While they still have the chance, Senate Democrats are ramping up efforts to trample the First Amendment rights of nonprofits and their donors through the DISCLOSE Act. As RNLA highlighted last week, the DISCLOSE Act would cause many more problems than it solves. A letter submitted to the Senate Committee on Rules and Administration on Monday by People United for Privacy (PUFP) serves to debunk many of the misleading arguments made by proponents of the legislation during a hearing held by the Committee last week. PUFP's main points are as follows:Read more
On Tuesday, the Senate Judiciary Subcommittee on Federal Courts, Oversight, Agency Action, and Federal Rights held a hearing titled "An Ethical Judiciary: Transparency and Accountability for 21st Century Courts" to promote anything but ethics and transparency in the judiciary. The hearing was another effort to promote legislation that would impose unworkable recusal standards on the Supreme Court Justices and chill the speech of amici who want to make their voice heard on the most important legal issues of the day.
Witness Thomas Dupree explains how the Democrats' proposed legislation would chill the speech of amici who file briefs with the Court. pic.twitter.com/yqx320SEmR— RNLA ⚖️ (@TheRepLawyer) May 3, 2022
If you listened to the most recent meeting of President Biden’s Commission on the Supreme Court and knew nothing prior, the liberal “scholars” would have you convinced that the Supreme Court is hated by all Americans. The reality is that the Judicial Branch is the most popular branch of the United State Government. The real purpose of Biden's Judicial Commission is to undermine the judiciary's popularity and to further intimidate the current Supreme Court. As Dan McLaughlin writes in National Review Online:
The Court-packing debate has cooled off for a while since prominent Democrats introduced legislation in April to pack the Court with new justices for nakedly partisan and ideological purposes. Democrats are happy to move the question offstage. Court-packing is a massively unpopular and dangerous proposal, just as it was in 1937. At the moment, Democrats don’t have the votes in the Senate to break a filibuster, and they do not appear to have 50 votes for passage, either. But they have not abandoned the implied threat that they might bring it back if they get a bigger Senate majority or if the Supreme Court does something they dislike enough.Read more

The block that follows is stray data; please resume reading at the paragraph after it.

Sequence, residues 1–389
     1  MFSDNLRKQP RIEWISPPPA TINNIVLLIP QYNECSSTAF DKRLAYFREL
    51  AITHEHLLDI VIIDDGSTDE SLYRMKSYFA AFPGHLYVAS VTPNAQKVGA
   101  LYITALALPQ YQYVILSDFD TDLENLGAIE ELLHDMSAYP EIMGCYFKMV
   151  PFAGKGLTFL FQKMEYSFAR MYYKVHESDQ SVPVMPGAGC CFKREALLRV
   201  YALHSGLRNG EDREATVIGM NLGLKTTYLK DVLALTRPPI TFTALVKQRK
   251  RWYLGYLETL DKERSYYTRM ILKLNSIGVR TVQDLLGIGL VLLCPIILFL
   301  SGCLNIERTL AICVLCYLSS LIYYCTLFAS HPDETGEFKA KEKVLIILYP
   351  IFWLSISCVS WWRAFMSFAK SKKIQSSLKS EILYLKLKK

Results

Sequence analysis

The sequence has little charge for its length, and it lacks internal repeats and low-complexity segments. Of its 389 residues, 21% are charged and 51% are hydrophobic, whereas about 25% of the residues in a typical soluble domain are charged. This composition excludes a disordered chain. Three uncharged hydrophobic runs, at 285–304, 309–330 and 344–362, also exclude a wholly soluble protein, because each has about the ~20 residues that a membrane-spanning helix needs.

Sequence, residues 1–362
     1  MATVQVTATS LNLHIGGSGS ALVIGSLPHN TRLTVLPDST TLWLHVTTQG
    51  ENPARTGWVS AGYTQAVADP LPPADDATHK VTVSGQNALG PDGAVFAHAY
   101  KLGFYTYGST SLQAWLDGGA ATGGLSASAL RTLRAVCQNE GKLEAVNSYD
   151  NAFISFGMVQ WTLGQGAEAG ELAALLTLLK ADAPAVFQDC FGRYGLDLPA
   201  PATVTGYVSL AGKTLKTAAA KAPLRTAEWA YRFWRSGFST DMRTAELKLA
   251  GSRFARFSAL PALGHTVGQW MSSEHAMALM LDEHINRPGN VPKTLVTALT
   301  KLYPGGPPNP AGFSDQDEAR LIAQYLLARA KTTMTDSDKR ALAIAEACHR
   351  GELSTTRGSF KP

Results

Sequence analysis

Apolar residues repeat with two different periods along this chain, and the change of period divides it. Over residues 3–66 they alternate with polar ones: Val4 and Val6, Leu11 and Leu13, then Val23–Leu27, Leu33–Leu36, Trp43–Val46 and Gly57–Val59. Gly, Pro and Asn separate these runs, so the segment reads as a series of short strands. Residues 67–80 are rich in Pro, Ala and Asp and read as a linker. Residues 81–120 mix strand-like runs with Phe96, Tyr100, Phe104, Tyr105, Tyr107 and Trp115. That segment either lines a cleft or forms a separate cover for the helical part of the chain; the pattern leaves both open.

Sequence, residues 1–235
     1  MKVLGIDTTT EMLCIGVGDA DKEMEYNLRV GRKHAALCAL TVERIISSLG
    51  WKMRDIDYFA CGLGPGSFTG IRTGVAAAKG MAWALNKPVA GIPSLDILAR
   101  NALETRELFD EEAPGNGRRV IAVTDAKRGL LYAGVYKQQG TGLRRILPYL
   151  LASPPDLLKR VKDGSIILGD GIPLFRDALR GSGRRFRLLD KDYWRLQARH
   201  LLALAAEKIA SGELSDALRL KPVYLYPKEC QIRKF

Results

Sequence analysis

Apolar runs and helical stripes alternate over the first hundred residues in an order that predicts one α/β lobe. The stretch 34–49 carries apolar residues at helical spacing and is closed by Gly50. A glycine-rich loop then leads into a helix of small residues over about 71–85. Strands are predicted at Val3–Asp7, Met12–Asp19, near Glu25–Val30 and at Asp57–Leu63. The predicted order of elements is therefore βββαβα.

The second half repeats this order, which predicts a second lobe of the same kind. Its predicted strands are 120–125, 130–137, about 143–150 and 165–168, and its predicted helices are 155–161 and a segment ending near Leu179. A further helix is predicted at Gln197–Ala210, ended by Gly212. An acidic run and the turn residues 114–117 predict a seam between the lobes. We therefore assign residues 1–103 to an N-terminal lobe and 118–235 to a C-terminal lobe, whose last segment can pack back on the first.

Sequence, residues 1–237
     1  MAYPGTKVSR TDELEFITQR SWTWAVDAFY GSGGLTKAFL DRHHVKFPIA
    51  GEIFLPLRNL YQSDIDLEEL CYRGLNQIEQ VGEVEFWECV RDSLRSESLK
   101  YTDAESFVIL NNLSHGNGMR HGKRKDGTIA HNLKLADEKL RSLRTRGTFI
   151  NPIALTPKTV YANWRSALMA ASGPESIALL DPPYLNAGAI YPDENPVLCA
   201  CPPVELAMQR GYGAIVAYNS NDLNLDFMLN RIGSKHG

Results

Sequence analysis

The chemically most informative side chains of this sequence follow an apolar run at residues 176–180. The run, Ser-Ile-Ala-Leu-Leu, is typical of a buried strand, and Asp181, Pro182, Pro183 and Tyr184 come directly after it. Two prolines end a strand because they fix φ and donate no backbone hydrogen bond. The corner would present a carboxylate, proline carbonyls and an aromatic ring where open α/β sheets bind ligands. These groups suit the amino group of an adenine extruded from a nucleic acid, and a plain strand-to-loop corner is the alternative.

Thursday's decisions by the Supreme Court were a major defeat for certain Democrat politicians and liberal activists. Yes, Obamacare was preserved in a 7-2 decision, and in another 9-0 decision, religious liberty was preserved. But liberal court packing activists lost yesterday. As the Committee for Justice wrote:
Consider the contrast between reality and Democrats' exaggerated predictions and fear mongering. Last fall, during the Senate Judiciary Committee hearing for Amy Coney Barrett, Democratic senator after Democratic senator told stories of constituents who would suffer, if not die, were Barrett confirmed. She would provide the fifth "far right" vote for striking down the Affordable Care Act, they said, some of them implying that Barrett had promised President Trump to strike down the ACA in return for her nomination. . . .
Amy Coney Barrett was confirmed, but so much for closely divided far right decisions and constituents robbed of health insurance by a nefarious deal between Barrett and Trump. Instead, what we got today was a 7-2 rejection of the challenge to the ACA with Barrett in the majority, a unanimous and narrow decision protecting religious objections to same-sex marriage, and an overall picture of a moderate Court which will sometimes disappoint liberals, sometimes disappoint conservatives, and often the split the baby.Read more
On Tuesday, the Senate Judiciary Subcommittee on Federal Courts, Oversight, Agency Action and Federal Rights held a hearing entitled, "Supreme Court Fact-Finding and the Distortion of American Democracy." The two witnesses called by the Republican members of the Committee were Indiana Solicitor General Thomas Fisher and the Cato Institute's Ilya Shapiro. As Shapiro pointed out during the hearing and in his prepared remarks, the title of the hearing itself is overblown: